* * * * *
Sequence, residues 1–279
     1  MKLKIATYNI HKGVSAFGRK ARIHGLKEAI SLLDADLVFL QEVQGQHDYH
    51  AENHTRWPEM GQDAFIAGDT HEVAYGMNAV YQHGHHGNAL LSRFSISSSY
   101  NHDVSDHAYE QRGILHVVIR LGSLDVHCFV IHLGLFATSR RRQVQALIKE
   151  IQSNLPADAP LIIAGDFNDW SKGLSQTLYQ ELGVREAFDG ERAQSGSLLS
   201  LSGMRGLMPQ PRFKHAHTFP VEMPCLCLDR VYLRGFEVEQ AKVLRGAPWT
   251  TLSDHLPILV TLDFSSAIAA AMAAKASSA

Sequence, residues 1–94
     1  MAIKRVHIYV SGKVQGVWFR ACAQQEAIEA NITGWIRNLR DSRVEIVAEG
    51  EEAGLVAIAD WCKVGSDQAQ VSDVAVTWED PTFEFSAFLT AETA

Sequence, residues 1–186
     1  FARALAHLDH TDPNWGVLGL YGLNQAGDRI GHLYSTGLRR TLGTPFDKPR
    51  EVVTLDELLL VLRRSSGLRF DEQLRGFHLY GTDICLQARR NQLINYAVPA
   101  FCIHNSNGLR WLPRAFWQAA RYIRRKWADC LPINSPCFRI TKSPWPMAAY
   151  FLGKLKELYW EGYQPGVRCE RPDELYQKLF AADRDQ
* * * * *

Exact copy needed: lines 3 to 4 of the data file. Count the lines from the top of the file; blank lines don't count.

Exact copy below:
    51  AENHTRWPEM GQDAFIAGDT HEVAYGMNAV YQHGHHGNAL LSRFSISSSY
   101  NHDVSDHAYE QRGILHVVIR LGSLDVHCFV IHLGLFATSR RRQVQALIKE